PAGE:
Thursday, 20 September 2007

Implementing the FFT

The F#.NET Journal just published an article describing how a simple but efficient FFT algorithm may be implemented in F#:

"Writing an implementation of the Fourier transform is an excellent lesson in algorithm design and optimization. Moreover, the Fourier transform is one of the most essential tools in numerical computing, with applications ranging from spectral analysis to the multiplication of large integers. This article describes the design and implementation of a simple but efficient FFT..."

To read this article and more, subscribe to The F#.NET Journal today!

Saturday, 15 September 2007

High performance numerics with F#

We stumbled upon an interesting result recently whilst toying with numerical benchmarks ported from OCaml. Typically, OCaml programs are very easy to port but run more slowly under F# because the performance characteristics of the languages are different. However, we recently observed that some benchmarks optimized for OCaml actually run substantially faster in F# without having to make even a single change.

Specifically, the OCaml implementations of the numerically-intensive spectral-norm and n-body benchmarks from the Computer Language Shootout run more quickly in F#. We believe the reason is essentially that Microsoft's .NET compiler is much better at optimizing simple numerical algorithms, particularly loops over floating point arrays. Indeed, the results are all the more compelling because F# on vanilla 32-bit Windows XP Pro outperforms a longer, hand-optimized OCaml implementation running on OCaml's best-case platform for numerical programs, 64-bit Linux. In particular, bounds checking incurs a significant overhead in the spectral-norm benchmark and, we believe, the bounds checks are automatically hoisted from the inner loop in F# but this must be done manually in OCaml.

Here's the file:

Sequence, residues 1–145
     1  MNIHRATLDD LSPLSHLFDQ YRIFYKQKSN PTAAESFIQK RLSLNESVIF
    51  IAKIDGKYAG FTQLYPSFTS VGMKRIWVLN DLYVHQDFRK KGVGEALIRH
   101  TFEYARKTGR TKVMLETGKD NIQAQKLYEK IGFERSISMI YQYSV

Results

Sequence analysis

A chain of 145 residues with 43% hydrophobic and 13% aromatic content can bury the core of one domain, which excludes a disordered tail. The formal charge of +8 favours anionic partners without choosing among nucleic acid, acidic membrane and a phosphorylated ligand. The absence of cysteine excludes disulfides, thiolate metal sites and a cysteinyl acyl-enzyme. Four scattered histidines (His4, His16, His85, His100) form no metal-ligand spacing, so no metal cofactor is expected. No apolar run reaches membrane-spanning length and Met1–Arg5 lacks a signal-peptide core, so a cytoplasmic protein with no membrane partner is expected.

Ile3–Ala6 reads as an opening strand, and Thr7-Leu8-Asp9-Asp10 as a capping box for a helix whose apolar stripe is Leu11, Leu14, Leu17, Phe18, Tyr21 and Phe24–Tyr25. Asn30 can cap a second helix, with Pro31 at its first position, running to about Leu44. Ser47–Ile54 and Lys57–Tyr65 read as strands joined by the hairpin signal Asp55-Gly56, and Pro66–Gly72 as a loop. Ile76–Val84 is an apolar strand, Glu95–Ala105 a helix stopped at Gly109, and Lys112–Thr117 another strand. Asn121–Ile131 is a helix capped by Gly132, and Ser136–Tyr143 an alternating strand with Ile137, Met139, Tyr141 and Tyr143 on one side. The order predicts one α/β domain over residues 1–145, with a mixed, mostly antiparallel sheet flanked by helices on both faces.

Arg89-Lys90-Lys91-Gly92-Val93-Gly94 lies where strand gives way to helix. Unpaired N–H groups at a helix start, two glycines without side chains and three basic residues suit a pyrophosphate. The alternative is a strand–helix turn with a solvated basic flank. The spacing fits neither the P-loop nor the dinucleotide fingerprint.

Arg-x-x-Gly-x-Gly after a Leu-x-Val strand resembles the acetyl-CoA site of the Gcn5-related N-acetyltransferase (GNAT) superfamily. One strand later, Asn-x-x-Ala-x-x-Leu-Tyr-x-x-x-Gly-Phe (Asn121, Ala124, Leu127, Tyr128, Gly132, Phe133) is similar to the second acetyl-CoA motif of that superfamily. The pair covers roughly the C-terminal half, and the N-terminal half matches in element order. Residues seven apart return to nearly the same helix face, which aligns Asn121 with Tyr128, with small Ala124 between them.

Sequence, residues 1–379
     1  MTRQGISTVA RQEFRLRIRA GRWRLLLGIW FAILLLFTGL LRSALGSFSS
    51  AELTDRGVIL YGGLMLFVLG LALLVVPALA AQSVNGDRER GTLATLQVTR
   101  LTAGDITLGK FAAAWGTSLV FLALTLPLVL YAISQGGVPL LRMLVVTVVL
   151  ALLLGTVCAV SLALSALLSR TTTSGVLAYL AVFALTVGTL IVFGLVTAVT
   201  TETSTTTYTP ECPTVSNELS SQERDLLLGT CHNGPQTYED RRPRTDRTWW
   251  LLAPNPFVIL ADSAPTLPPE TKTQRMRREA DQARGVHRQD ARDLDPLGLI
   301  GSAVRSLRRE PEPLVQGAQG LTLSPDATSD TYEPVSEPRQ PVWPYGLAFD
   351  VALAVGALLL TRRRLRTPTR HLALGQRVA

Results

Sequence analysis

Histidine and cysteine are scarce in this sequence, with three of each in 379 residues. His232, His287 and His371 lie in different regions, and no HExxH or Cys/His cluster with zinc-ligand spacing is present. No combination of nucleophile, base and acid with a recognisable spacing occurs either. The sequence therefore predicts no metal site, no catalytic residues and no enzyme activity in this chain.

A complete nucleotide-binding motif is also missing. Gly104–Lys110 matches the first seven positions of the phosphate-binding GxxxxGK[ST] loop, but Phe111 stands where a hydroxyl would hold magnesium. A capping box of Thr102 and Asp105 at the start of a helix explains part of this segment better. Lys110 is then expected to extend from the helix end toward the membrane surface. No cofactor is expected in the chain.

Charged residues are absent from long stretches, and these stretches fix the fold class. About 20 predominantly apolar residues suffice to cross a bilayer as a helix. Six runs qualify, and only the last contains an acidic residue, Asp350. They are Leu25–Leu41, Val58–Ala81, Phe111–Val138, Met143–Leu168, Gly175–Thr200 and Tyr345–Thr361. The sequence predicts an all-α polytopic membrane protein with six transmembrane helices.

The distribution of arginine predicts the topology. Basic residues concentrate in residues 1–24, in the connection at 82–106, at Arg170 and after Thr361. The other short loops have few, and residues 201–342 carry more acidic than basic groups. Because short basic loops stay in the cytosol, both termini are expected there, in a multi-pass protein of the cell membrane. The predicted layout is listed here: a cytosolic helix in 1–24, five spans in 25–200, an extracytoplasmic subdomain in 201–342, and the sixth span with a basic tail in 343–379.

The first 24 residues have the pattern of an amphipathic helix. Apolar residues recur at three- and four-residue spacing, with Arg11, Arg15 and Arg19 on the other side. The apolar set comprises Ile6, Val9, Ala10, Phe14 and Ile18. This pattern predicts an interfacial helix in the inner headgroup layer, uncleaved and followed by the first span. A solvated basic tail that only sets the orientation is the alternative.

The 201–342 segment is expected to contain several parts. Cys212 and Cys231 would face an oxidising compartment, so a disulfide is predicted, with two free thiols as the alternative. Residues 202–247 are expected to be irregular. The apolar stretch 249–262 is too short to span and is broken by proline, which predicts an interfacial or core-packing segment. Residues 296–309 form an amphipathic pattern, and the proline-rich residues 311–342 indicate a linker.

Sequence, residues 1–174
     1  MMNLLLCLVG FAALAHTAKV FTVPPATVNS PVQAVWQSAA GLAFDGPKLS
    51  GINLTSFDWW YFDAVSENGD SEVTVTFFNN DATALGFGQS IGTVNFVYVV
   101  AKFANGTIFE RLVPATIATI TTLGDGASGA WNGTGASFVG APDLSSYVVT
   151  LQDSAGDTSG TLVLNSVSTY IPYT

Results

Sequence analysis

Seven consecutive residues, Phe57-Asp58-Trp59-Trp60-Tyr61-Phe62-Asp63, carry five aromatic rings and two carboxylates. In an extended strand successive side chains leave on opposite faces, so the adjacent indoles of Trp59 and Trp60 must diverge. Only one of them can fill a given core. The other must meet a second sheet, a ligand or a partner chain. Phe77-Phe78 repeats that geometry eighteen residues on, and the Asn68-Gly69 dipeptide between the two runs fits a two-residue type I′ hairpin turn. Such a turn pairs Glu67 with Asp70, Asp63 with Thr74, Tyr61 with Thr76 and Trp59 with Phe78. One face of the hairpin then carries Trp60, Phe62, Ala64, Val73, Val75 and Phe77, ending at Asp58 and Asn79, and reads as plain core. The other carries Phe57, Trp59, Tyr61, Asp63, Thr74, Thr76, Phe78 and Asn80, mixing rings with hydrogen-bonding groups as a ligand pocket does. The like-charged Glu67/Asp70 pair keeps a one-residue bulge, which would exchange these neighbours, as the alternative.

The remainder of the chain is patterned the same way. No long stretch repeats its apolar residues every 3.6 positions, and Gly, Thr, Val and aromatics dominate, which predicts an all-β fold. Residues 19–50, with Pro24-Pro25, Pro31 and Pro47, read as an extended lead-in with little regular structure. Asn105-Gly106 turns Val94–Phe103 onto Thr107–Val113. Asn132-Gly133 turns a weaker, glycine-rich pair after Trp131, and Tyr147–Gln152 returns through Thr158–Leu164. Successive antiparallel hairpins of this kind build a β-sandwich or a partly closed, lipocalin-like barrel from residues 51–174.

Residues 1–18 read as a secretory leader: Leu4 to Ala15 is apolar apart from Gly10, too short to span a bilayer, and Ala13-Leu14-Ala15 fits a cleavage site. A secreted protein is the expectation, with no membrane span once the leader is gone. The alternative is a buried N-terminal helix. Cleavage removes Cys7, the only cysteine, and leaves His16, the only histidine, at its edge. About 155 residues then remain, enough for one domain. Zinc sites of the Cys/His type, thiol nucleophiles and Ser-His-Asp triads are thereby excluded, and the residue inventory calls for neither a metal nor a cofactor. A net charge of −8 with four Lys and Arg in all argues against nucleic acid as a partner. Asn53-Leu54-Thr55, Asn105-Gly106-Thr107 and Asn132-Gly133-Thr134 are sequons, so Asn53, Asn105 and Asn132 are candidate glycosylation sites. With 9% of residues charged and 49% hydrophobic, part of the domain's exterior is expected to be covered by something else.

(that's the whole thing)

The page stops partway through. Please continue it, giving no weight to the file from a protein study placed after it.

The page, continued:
OCamlF#
Spectral-Norm14.3539.374
N-Body9.4696.933

This clearly shows that F# can achieve excellent performance on common machines for an important class of numerical algorithms.

For detailed articles covering all aspects of the F# programming language from Microsoft, subscribe to The F#.NET Journal today!

Thursday, 13 September 2007

Combinator Heaven

The F#.NET Journal published an article discussing the unique way that functions may be composed in functional languages using combinators:

"The ability to write higher-order functions that compose other functions in interesting ways is one of the most powerful forms of abstraction provided by the functional programming paradigm. Such functions are known as combinators . This article describes the basic concepts behind combinators with a variety of examples to demonstrate how practically useful this form of functional abstraction can be..."

To read this article and more, subscribe to The F#.NET Journal today!